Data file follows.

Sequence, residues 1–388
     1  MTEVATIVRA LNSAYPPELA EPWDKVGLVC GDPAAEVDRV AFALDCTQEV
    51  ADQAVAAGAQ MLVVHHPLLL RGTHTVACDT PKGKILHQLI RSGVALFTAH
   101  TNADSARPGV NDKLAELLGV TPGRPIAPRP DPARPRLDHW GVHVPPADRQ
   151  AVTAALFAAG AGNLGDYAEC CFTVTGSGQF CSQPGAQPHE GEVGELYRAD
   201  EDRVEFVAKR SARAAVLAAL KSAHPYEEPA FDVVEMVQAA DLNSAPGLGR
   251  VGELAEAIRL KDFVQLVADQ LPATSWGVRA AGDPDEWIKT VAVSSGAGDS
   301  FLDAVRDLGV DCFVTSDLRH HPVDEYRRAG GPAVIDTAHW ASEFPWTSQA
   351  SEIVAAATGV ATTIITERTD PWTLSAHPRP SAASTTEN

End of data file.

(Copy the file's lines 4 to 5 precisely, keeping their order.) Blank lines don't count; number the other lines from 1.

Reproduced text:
   101  TNADSARPGV NDKLAELLGV TPGRPIAPRP DPARPRLDHW GVHVPPADRQ
   151  AVTAALFAAG AGNLGDYAEC CFTVTGSGQF CSQPGAQPHE GEVGELYRAD